The compound, named E7130, is a type of halichondrin, and was synthesized by a team of researchers from Harvard University in collaboration with researchers at Japanese pharmaceutical company Eisai. The team published their findings in the journal Scientific Reports.
Halichondrins, according to the researchers, have shown potent anti-cancer properties in mouse studies. These compounds, however, are only found in minuscule quantities in Halichondria okadai, a species of sea sponge. In addition to their rarity, the compounds are so structurally complex that prior to this study, they had never been synthesized on a meaningful scale in a laboratory environment.
“It is particularly challenging to replicate because it has 31 chiral centers, asymmetrical points that must each be correctly oriented. In other words, there are roughly 4 billion ways to get it wrong,” the researchers said.
“We spent decades on basic research and made very dramatic progress,” Yoshito Kishi, a professor of chemistry at Harvard, said after their research team successfully synthesized sufficient quantities of E7130.
According to Kishi, whose research was supported by the National Cancer Institute (NCI), this will enable rigorous studies of E7130’s biological activity, pharmacological properties and efficacy. (Related: The power of food cures: Study shows foods like carrots, grapes and oranges have CANCER-FIGHTING properties.)
Halichondrins were first identified 33 years ago by Japanese researchers and sparked immediate interest after scientists recognized that they affected the formation of microtubules, which are essential for cell division.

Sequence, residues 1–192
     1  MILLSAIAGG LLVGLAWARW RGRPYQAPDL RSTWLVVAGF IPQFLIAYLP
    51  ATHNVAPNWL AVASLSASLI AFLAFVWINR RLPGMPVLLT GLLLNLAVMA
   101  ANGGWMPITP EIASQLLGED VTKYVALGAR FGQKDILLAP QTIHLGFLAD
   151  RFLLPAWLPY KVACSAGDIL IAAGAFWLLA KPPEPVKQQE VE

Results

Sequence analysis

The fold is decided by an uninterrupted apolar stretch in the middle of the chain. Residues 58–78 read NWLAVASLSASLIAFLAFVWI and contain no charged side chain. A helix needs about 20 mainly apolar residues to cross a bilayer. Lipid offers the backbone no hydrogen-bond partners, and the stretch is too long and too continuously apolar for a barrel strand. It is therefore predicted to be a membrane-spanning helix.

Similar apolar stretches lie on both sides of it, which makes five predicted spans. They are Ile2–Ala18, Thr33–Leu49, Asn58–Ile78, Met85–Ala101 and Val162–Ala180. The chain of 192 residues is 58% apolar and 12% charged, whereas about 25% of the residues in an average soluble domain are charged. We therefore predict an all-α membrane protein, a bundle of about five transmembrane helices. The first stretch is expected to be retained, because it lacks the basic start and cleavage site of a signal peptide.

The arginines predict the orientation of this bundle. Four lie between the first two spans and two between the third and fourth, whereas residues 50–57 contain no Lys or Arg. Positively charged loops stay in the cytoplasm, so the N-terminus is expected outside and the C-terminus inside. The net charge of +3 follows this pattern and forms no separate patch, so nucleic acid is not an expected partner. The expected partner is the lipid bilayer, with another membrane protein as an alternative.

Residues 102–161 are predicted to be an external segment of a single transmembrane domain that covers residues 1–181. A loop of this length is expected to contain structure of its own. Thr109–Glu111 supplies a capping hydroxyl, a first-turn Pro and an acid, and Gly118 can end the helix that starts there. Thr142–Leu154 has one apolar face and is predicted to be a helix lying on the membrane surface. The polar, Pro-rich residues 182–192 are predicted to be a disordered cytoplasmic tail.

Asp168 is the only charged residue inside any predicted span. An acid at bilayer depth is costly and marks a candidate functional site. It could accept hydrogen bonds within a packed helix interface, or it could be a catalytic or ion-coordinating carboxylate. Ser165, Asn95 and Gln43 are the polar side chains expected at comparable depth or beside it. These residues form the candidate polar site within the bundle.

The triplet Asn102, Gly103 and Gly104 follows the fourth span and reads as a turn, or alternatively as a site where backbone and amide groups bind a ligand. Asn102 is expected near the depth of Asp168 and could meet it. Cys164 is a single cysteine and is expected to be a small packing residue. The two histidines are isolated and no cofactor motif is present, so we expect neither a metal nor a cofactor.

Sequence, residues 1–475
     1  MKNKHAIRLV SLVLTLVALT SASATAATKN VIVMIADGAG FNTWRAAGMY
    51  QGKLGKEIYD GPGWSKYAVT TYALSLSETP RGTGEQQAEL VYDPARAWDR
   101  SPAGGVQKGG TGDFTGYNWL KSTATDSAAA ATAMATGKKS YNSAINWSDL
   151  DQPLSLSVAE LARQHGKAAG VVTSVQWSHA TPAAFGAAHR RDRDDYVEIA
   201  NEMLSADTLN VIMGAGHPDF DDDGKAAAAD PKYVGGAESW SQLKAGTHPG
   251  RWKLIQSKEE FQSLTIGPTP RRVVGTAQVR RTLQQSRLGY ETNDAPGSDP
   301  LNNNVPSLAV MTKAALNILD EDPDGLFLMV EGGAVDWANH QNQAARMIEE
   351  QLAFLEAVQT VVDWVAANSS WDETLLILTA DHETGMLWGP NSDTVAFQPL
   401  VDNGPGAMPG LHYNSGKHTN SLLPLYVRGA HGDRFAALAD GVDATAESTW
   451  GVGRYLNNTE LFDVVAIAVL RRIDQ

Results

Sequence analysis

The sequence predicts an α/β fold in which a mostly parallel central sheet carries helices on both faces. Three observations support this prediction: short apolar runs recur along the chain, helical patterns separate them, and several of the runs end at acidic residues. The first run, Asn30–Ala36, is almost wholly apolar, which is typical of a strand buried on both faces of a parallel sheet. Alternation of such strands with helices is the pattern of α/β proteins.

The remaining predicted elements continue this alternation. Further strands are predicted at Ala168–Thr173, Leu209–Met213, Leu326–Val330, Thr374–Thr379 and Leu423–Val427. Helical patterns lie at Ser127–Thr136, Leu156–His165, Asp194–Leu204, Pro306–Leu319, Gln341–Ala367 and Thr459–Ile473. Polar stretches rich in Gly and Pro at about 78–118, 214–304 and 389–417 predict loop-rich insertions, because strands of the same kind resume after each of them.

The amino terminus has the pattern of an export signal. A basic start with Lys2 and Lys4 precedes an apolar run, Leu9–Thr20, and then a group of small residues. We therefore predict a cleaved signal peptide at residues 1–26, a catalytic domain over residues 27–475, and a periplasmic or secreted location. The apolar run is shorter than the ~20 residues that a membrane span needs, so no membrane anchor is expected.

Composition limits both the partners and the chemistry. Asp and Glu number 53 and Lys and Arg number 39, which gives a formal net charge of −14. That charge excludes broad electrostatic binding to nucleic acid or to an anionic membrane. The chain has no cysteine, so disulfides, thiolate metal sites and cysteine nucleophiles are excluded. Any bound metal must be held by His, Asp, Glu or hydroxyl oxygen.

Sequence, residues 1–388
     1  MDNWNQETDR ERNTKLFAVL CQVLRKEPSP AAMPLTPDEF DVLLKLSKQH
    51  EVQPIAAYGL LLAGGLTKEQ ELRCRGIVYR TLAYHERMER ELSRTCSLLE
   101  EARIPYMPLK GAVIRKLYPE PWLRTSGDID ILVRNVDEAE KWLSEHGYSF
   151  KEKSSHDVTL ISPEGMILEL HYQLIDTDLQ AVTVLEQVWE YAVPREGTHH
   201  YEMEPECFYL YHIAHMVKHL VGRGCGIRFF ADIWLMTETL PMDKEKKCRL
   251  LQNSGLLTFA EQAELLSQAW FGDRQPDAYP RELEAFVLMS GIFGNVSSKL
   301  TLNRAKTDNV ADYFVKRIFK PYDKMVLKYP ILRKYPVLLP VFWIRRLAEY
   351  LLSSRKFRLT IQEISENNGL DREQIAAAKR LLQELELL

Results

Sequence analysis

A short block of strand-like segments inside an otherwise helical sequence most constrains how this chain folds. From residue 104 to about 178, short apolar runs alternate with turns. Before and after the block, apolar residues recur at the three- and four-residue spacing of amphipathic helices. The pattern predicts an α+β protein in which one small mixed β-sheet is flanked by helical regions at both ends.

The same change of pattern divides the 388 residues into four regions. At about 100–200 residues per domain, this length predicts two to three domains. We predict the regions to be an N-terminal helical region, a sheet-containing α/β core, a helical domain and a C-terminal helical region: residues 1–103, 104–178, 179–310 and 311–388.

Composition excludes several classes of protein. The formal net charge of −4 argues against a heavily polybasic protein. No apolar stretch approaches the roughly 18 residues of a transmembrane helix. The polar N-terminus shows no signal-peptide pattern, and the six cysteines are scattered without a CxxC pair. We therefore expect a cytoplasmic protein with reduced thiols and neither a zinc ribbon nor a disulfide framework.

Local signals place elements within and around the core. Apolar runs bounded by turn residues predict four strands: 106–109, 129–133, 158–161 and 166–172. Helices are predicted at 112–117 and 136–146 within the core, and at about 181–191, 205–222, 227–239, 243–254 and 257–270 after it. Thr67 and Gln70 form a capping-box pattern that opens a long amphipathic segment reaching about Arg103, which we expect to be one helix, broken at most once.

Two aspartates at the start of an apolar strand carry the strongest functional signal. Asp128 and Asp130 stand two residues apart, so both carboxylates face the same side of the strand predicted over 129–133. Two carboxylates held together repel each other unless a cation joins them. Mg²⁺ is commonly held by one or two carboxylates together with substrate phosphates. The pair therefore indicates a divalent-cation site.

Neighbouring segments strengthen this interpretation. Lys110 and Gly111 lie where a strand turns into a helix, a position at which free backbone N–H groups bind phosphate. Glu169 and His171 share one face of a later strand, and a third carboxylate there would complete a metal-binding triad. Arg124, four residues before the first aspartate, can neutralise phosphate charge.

“At that time, they realized the halichondrins looked exceedingly potent,” Takashi Owa, chief medicine creation officer for Eisai’s oncology business group and a co-author of the paper, said.
“Due to the very unique structure of the natural product, many people were interested in the mode of action, and the investigators wanted to do a clinical study,” Owa explained, adding that until the recent development, a lack of drug supply prevented researchers from doing it.
As detailed in their report, Kishi and the team were able to synthesize E7130 on a scale larger than 10 grams with more than 99.8% purity, thus allowing more opportunities for the researchers to conduct a number of pre-clinical evaluations.
“We are very delighted to see our basic chemistry discoveries have now made it possible to synthesize this compound at [a] large scale,” Kishi said.
In their paper, the scientists also described newly-discovered insights into how E7130 operates.
Aside from confirming the results of past studies which showed that halichondrins can inhibit microtubules, the newly-synthesized E7130 also showed a unique property during in vitro and in vivo studies on animal models: It changes the tumor environment.
According to the researchers, E7130 does this by increasing intratumoral CD31-positive endothelial cells and reducing alpha-SMA-positive cancer-associated fibroblasts, components of the tumor microenvironment that may be involved in the growth’s transformation to malignancy. As per the researchers, this mechanism may improve how well other cancer drugs work.
This discovery, according to Vivian Berlin, managing director of strategic partnerships at Harvard, may hold the key to accelerating the development of new classes of therapeutics that may address important unmet medical needs.